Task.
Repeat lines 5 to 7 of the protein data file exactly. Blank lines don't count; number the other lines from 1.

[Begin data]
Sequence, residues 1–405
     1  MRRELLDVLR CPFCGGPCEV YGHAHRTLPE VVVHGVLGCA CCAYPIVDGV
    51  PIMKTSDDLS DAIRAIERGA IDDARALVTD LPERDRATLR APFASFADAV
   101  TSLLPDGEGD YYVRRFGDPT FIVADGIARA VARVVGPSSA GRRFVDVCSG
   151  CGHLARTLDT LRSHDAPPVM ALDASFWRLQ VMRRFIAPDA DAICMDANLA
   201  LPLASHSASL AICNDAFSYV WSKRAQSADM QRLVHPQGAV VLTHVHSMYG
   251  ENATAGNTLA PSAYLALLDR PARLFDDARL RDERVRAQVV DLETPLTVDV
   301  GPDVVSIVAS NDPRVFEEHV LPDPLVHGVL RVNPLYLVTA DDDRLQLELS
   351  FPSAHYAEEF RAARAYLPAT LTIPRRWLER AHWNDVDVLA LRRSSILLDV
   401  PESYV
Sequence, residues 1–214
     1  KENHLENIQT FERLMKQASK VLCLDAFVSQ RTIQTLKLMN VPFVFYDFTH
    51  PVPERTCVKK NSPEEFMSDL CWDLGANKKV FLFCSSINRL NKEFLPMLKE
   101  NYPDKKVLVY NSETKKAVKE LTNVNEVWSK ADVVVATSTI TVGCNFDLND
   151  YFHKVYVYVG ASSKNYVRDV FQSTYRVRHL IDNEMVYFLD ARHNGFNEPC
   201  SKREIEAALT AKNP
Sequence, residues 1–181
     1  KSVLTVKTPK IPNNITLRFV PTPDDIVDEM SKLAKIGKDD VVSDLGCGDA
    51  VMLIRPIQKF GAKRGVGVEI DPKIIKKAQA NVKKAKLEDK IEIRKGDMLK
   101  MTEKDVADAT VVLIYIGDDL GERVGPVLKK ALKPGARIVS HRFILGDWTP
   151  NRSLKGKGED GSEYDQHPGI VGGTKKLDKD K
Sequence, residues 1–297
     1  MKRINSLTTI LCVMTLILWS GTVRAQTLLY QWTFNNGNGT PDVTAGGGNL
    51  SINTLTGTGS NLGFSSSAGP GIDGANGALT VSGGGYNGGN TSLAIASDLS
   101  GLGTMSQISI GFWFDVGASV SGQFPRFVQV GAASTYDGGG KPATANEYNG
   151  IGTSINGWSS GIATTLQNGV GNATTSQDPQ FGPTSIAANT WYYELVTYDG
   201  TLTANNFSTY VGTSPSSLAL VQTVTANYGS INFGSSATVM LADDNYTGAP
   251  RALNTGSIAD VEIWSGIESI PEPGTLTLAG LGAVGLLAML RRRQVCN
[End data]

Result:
   151  CGHLARTLDT LRSHDAPPVM ALDASFWRLQ VMRRFIAPDA DAICMDANLA
   201  LPLASHSASL AICNDAFSYV WSKRAQSADM QRLVHPQGAV VLTHVHSMYG
   251  ENATAGNTLA PSAYLALLDR PARLFDDARL RDERVRAQVV DLETPLTVDV